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Clocking my meter (and adjusting burners?)

Hap_Hazzard
Hap_Hazzard Member Posts: 2,756
edited January 2020 in Strictly Steam
It's been a few years since I last clocked my meter, so I thought it might be a good idea to check it again. To be accurate, I used the stopwatch on my iPhone to capture ten consecutive revolutions of the half foot dial and average them. The results surprised me for two reasons.
Lap 1:  14.00
Lap 2:  17.20
Lap 3:  17.02
Lap 4:  11.73
Lap 5:  14.56
Lap 6:  17.28
Lap 7:  16.91
Lap 8:  11.51
Lap 9:  14.55
Lap 10: 17.48
Avg.:   15.224
The first surprise is the sample variance. It's huge! And I can't chalk it up to sampling error. I didn't take my eye off the dial the whole time, and besides, the pointer seemed to pause and then jump ahead from time to time. So I'm wondering, is this typical for gas meter accuracy, and are 10 consecutive samples enough?

The second surprise is that, when I look up the ft³/hr for the average value and convert it to BTUH I get 120,000. the input BTUH for my boiler is supposed to be 160,000. This seems pretty low, considering it seems to be heating pretty well. Should I turn it up a little and then have the flue gases analyzed again?

Just another DIYer | King of Prussia, PA
1983(?) Peerless G-561-W-S | 3" drop header, CG400-1090, VXT-24

Comments

  • ethicalpaul
    ethicalpaul Member Posts: 3,750
    edited December 2019
    I have seen this same behavior. Rather than timing 10 cycles and adding them together, you can eliminate a lot of the human thumb error by starting the timer, counting 10 revs, then noting the total time (or do both by using a "lap" function on your timer).
    1 pipe Peerless 63-03L in Cedar Grove, NJ, coal > oil > NG
    rick in Alaska
  • Hap_Hazzard
    Hap_Hazzard Member Posts: 2,756
    That's what I did—used the lap button.
    Just another DIYer | King of Prussia, PA
    1983(?) Peerless G-561-W-S | 3" drop header, CG400-1090, VXT-24
  • JUGHNE
    JUGHNE Member Posts: 9,817
    I have seen this on older meters. Erratic movement and even stopping and then moving again without a jump to "catch up".

    If you called the gas company and told them your meter was not recording all the gas passed to your house, I am sure they would respond........ ;)
    mattmia2
  • ethicalpaul
    ethicalpaul Member Posts: 3,750
    edited December 2019

    That's what I did—used the lap button.

    OK, then just ignore the individual times and take the total time divided by 10 to remove the need to add them up.

    but to reiterate, yes, my meter jumps like that too. You can also use the 2 foot dial, you probably know that.
    1 pipe Peerless 63-03L in Cedar Grove, NJ, coal > oil > NG
  • EdTheHeaterMan
    EdTheHeaterMan Member Posts: 3,314
    edited December 2019
    Looks like your meter may be doing you a favor. I'm not sure you want to call the gas company unless you want a new meter that is more accurate. (Read between the lines) To quote the famous moralist J. Cricket "Always let your conscience be your guide"
    Edward Young
    Retired HVAC Contractor from So. Jersey.
    Services first oil burner at age 16
    P/T trainer for EH-CC.org
    mattmia2
  • Hap_Hazzard
    Hap_Hazzard Member Posts: 2,756
    JUGHNE said:

    I have seen this on older meters. Erratic movement and even stopping and then moving again without a jump to "catch up".

    If you called the gas company and told them your meter was not recording all the gas passed to your house, I am sure they would respond........ ;)

    Funny you should mention that. My meter stopped working a few years ago. I didn't notice until we got into heating season and saw that I wasn't being charged for gas, but then, going back through my bills I could see that there were no charges for months.

    I assumed they'd charge me based on my average consumption over the last few years or something, but they didn't, so next time I might not notice it for a year or two. :D

    Seriously, if I were the gas company, I wouldn't wait for my customers to tell me when they're getting free gas.

    I wonder if the twitchy meter needle is an indication that the mechanism is about to break again. >:)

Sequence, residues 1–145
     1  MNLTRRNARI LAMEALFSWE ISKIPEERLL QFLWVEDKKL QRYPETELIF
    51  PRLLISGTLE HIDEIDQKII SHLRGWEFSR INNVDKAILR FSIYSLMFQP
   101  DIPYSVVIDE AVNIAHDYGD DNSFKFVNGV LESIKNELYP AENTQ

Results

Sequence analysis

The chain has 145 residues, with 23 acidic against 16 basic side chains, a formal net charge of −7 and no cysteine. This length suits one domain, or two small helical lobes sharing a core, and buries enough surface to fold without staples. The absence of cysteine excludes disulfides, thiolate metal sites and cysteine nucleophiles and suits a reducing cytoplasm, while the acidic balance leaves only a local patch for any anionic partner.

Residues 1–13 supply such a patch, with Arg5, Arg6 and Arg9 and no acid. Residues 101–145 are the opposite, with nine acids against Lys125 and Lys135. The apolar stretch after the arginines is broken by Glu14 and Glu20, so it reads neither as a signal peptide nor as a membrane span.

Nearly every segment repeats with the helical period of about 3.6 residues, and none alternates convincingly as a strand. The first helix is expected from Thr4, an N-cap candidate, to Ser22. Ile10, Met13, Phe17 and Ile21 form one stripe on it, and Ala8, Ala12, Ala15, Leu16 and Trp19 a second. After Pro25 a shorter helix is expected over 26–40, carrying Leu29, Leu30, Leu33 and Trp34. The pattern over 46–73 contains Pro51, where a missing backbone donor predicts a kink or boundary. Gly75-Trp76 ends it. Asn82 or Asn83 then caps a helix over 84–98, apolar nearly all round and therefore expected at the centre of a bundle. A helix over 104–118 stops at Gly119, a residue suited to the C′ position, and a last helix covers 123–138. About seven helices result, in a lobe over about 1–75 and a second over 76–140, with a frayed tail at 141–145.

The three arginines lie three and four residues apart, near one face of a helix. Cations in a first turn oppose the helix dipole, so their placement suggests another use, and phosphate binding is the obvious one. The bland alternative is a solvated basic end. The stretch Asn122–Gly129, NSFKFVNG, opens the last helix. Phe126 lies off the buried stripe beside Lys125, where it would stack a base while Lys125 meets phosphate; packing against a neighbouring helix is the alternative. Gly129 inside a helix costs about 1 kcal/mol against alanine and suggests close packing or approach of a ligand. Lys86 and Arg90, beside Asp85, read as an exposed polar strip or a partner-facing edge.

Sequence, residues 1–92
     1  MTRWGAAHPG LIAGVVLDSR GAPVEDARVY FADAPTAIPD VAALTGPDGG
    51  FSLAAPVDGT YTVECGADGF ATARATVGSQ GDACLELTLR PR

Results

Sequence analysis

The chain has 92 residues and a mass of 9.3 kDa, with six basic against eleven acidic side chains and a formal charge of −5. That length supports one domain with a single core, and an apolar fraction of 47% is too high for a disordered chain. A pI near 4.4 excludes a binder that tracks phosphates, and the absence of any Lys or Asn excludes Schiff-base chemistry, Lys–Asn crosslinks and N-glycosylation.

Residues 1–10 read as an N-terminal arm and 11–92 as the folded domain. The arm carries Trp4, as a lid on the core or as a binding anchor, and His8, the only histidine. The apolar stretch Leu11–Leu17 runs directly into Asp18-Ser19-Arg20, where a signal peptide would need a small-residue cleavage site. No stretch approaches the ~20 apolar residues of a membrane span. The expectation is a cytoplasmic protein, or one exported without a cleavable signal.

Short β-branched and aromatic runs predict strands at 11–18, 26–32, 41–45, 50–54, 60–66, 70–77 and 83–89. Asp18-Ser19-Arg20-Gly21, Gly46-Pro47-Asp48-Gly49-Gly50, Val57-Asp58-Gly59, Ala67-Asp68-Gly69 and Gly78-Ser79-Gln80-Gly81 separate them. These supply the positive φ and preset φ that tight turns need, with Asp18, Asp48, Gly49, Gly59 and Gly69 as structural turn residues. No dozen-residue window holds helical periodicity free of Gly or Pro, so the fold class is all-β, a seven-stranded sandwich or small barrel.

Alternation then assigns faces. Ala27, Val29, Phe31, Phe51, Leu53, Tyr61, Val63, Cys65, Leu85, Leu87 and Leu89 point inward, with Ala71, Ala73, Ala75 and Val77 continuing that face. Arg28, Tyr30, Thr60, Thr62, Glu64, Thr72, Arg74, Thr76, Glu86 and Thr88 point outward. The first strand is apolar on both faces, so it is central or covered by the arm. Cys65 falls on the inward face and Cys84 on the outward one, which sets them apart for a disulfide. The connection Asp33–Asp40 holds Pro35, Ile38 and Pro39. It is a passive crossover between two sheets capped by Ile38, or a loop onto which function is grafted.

Just another DIYer | King of Prussia, PA
    1983(?) Peerless G-561-W-S | 3" drop header, CG400-1090, VXT-24
  • Hap_Hazzard
    Hap_Hazzard Member Posts: 2,756
    edited December 2019

    OK, then just ignore the individual times and take the total time divided by 10 to remove the need to add them up.

    Not surprisingly, it works out to the same number. But I'm still wondering if 10 revolutions is enough, and also, the bigger question, should I dial up my burners? They're running about 25% low. That seems like a lot.
    Just another DIYer | King of Prussia, PA
    1983(?) Peerless G-561-W-S | 3" drop header, CG400-1090, VXT-24
  • ethicalpaul
    ethicalpaul Member Posts: 3,750
    What's your manifold pressure?
    1 pipe Peerless 63-03L in Cedar Grove, NJ, coal > oil > NG
    icy78
  • Hap_Hazzard
    Hap_Hazzard Member Posts: 2,756
    I don't have a manometer.
    Just another DIYer | King of Prussia, PA
    1983(?) Peerless G-561-W-S | 3" drop header, CG400-1090, VXT-24
  • ethicalpaul
    ethicalpaul Member Posts: 3,750
    I like this one: https://www.amazon.com/Manometer-Pressure-Differential-Diameter-Hti-Xintai/dp/B07R3J4ZJ4/ref=sr_1_3?crid=332XYR6487Z5A&keywords=manometer+gas+pressure+tester&qid=1576778745&sprefix=manome,aps,130&sr=8-3&th=1

    I wouldn't feel comfortable adjusting the pressure without one. And plenty of folks still wouldn't be comfortable without a combustion tester and the training to read it, I think, but I think of the decades before they were used and I don't get too worked up.
    1 pipe Peerless 63-03L in Cedar Grove, NJ, coal > oil > NG
    Hap_Hazzard
  • Hap_Hazzard
    Hap_Hazzard Member Posts: 2,756
    I was looking at combu$tion analyzer$ la$t night. They look kinda pricey, and you have to replace the $ensor$ every 2 year$ at $100 a pop. Yike$! I think it cost me well under a c-note to have someone come out and check it for me, and we had a nice chat. He said he'd taken one of Dan's courses.

    I might go for the manometer though.
    Just another DIYer | King of Prussia, PA
    1983(?) Peerless G-561-W-S | 3" drop header, CG400-1090, VXT-24
    ethicalpaul
  • mattmia2
    mattmia2 Member Posts: 5,705
    I assume you made sure nothing else was firing at the time.

    That variance is more than the time it takes you to press the button.

    Could be a mechanical problem in the meter is causing it to under read.

    I suppose the next thing to do is to get out the manometer and make sure the regulators are keeping the pressure constant at the meter, at the appliance, and most importantly at the manifold of the appliance. The meter measures volume so if the pressure isn't constant the flow rate will vary if the appliance is firing at a constant rate.
    Hap_Hazzard
  • Hap_Hazzard
    Hap_Hazzard Member Posts: 2,756